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1. Land capability is the ability of a piece of land to sustainably support a specific land use. If land is used beyond its capability, degradation is the consequence.
2. Land capability is based on the understanding that every component of land has its own particular capacity to provide ecosystem services. It also propounds that a significant proportion of this capacity is required to maintain soil and land health (primary services) and that the remaining capacity is then potentially available for a range of human enterprises (secondary services). Land capability assessment therefore enables the reconciliation of production and protection.
3. Ecologically sustainable uses must be those which do not compromise the primary ecosystem services. The corollary is that the soil and land can then be regarded as healthy. If, conversely, land is used such that the primary ecosystem services are compromised then, by definition, land degradation has occurred.
4. The level of ecosystem services available will depend on the land component features, and its topographic and climatic environment. It is not possible to provide levels as a simple representation, although they will closely relate to our integrated understanding of land and soil quality. Seasonal variation compounds the issue. Climatic variation adds a new dimension entirely.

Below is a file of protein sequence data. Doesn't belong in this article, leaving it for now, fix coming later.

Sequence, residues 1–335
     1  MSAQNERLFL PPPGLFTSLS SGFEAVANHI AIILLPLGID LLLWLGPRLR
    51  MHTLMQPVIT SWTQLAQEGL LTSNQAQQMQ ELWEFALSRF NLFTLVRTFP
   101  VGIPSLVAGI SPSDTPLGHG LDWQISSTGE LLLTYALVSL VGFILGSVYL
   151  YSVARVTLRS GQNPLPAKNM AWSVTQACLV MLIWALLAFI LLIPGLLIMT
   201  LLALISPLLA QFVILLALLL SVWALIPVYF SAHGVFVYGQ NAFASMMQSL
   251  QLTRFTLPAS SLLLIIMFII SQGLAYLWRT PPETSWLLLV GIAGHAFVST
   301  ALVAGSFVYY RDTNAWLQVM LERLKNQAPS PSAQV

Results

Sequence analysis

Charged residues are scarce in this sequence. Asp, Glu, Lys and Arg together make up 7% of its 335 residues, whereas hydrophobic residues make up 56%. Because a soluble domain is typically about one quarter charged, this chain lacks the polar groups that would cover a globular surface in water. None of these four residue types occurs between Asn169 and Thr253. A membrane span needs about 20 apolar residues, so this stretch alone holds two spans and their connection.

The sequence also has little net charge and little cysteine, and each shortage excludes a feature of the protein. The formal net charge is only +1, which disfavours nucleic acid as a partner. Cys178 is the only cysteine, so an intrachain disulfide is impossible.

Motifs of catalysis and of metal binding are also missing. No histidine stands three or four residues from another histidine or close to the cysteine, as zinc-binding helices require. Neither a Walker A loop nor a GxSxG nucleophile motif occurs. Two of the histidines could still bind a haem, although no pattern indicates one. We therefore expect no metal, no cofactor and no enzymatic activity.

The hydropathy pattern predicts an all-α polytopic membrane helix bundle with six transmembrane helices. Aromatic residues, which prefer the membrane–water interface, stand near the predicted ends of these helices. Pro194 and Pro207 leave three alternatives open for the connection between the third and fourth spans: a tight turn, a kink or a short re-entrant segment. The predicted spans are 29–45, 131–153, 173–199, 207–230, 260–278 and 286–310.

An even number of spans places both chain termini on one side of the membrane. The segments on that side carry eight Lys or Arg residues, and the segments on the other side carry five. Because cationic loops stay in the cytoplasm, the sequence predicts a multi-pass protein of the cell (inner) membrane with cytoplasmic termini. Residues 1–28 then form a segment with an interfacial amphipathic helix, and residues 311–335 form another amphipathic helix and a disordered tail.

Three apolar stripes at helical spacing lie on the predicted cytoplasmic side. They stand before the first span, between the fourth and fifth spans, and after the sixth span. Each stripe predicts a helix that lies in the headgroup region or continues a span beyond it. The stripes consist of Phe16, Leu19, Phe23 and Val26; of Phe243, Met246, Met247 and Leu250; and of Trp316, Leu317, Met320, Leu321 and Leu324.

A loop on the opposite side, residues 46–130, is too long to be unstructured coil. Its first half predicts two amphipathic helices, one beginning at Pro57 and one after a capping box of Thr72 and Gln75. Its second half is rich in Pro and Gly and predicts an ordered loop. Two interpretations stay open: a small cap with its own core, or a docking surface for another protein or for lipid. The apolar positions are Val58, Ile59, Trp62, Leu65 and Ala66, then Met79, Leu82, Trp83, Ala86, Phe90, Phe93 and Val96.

5. The sustainable harvest of particular goods and services will thus be directly related to the availability of surplus ecosystem service capacity (i.e. that over and above that require for basic ecosystem activity). Health is lost if harvest (and its associated management) removes goods and services required for basic ecosystem activity
6. Land capability does not include social or economic components. It focuses entirely on requirements for sustainability of the ecosystem. After the assessment of land capability, there is the requirement to overlay this then with the social and the economic constraints. Then, thus, we have land suitability assessment.